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ORIGINAL ARTICLE
Year : 2014  |  Volume : 30  |  Issue : 1  |  Page : 17-22

Demonstration of aeroallergenicity of fungal hyphae and hyphal fragments among allergic rhinitis patients using a novel immunostaining technique


1 Department of Otorhinolaryngology, Fayoum University, Egypt
2 The Regional Center for Mycology and Biotechnology, Egypt

Correspondence Address:
Hany Samir
Department of Otorhinolaryngology, Fayoum University
Egypt
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Source of Support: None, Conflict of Interest: None


DOI: 10.4103/1012-5574.127186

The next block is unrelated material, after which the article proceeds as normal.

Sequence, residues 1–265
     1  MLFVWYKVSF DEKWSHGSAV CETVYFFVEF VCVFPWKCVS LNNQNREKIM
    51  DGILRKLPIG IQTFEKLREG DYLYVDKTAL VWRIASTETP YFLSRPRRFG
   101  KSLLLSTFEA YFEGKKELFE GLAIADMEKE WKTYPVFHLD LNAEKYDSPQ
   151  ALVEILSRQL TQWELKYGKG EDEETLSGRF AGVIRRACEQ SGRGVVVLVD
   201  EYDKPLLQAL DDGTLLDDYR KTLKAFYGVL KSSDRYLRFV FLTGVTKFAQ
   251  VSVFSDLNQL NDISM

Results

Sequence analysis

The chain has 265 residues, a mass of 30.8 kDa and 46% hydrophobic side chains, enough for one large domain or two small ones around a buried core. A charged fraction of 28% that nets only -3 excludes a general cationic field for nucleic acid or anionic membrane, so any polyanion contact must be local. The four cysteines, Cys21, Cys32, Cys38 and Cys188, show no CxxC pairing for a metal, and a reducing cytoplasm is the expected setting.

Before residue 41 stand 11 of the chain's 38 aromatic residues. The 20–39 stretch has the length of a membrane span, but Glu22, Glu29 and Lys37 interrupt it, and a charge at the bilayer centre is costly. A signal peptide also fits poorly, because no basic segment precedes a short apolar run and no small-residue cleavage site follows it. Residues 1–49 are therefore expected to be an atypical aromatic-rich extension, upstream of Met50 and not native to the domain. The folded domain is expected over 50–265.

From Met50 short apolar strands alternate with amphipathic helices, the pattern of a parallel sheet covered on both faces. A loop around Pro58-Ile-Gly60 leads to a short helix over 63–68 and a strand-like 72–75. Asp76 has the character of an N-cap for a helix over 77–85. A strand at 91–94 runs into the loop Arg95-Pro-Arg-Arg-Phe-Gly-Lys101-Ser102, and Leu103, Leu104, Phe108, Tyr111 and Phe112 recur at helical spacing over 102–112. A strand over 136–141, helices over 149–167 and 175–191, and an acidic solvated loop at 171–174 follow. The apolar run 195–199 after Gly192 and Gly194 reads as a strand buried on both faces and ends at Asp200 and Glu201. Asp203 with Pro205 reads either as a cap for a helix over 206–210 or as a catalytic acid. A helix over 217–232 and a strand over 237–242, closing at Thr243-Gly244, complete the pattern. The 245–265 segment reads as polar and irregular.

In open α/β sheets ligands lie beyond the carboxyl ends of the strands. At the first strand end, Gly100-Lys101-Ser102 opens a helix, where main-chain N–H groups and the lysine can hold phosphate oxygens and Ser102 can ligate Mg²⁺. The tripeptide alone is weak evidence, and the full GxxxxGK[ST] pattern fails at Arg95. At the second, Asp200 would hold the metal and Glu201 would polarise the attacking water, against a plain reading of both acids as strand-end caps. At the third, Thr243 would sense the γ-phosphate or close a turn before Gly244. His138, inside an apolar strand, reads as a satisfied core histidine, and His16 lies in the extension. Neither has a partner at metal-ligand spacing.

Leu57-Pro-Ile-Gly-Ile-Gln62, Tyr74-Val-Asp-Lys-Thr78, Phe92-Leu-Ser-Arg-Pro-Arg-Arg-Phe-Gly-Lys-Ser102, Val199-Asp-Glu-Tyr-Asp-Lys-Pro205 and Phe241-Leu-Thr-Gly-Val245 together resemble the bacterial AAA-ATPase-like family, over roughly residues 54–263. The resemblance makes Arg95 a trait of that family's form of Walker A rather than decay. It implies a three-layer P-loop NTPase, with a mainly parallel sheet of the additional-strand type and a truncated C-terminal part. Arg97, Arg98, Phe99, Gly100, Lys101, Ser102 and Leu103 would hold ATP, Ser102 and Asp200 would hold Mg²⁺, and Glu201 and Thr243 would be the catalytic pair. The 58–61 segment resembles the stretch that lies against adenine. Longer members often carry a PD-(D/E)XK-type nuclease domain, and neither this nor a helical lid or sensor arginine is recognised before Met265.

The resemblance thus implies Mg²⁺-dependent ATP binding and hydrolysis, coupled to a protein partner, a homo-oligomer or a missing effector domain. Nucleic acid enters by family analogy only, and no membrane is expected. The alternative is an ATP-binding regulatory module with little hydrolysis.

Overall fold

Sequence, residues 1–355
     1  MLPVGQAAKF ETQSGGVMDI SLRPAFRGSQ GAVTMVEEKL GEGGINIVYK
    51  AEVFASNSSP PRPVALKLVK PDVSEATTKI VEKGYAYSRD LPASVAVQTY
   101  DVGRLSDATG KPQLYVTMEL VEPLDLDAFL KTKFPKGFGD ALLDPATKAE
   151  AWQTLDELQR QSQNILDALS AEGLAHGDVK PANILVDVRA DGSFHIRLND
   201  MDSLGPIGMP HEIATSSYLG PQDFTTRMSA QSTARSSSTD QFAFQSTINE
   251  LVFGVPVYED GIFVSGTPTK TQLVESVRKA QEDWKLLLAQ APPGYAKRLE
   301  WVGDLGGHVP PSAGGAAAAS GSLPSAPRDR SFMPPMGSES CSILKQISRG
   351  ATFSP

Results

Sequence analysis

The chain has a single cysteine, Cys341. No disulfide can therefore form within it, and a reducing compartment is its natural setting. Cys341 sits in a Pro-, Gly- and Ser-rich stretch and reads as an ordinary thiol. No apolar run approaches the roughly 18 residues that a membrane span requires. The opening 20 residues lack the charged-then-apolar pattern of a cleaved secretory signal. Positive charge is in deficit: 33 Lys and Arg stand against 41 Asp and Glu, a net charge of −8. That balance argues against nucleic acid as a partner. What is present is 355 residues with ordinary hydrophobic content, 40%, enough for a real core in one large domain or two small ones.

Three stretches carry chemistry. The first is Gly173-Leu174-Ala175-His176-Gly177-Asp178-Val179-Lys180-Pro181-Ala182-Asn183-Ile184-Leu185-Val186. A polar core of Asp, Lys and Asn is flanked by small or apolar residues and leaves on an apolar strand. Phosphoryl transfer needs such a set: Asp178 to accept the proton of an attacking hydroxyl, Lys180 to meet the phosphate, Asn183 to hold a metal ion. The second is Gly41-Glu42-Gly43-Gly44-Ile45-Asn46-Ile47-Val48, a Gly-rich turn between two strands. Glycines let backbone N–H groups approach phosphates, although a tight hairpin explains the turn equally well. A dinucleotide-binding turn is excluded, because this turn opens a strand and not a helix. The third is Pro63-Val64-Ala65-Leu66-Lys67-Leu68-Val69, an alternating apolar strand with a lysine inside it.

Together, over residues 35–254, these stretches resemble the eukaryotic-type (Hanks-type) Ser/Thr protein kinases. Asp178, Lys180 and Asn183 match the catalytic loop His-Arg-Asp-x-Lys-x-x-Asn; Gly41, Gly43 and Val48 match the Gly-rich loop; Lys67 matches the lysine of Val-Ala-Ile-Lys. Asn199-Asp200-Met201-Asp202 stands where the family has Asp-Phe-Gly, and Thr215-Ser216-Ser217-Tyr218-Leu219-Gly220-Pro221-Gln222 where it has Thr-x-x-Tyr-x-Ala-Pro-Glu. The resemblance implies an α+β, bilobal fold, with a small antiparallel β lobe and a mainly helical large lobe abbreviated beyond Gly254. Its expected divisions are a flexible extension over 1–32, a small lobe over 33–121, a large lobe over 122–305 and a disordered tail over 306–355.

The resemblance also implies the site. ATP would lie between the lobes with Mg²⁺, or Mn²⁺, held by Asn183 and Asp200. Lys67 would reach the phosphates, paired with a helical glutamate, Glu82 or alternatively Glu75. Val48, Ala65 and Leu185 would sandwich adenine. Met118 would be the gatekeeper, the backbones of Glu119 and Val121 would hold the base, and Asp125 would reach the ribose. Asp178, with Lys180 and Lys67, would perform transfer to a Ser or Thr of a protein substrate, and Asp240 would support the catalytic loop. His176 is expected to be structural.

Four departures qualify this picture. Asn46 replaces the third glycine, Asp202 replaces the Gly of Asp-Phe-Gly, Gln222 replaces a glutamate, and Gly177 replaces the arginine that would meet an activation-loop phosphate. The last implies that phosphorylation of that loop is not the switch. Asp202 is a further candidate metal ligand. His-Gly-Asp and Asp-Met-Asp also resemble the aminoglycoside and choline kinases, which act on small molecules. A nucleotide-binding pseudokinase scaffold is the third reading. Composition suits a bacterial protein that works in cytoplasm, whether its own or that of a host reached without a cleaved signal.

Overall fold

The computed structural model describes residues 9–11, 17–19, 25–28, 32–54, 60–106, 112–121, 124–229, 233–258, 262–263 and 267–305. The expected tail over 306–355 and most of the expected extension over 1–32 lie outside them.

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Background More than 80 species of fungi are suspected of inducing immunoglobulin E (IgE)-mediated hypersensitivity. Exposure to airborne fungal conidia has been linked to the respiratory symptoms in individuals with fungal allergy; however, the contribution of airborne fungal hyphae and hyphal fragments to allergic diseases is poorly understood. Objective We sought to investigate the expression of allergens from airborne fungal hyphae and hyphal fragments using the halogen immunoassay, which uses patients' serum IgE to immunostain immobilized allergens extracted from individual fungal particles. Materials and methods Airborne fungi were collected from the nasal cavities of 25 patients and 10 controls using the refined nasal wash technique, fixed on mixed cellulose ester protein-binding membranes, incubated overnight in a humid chamber to promote the germination of conidia, and immunostained with the participants own serum IgE. The samples were examined by means of light microscopy, and positively immunostained fungal particles were classified and counted. Results All samples contained fungal particles that expressed soluble allergens and were significantly higher in concentration than counts of conidia of individual well-characterized allergenic genera (P < 0.05). Resultant immunostaining of fungal hyphae was heterogeneous, and ∼27% of all hyphae expressed detectable allergens compared with nonstained hyphae (P < 0.05). Conclusion This study conclusively demonstrates that fungal hyphae and fragments are underestimated sources of aeroallergens because positively immunostained hyphal fragments were detected in all samples and the number of the detected fungal hyphae in any of the individual protein-binding membranes was significantly higher than the conidial counts in any of the commonly recognized aeroallergenic species.


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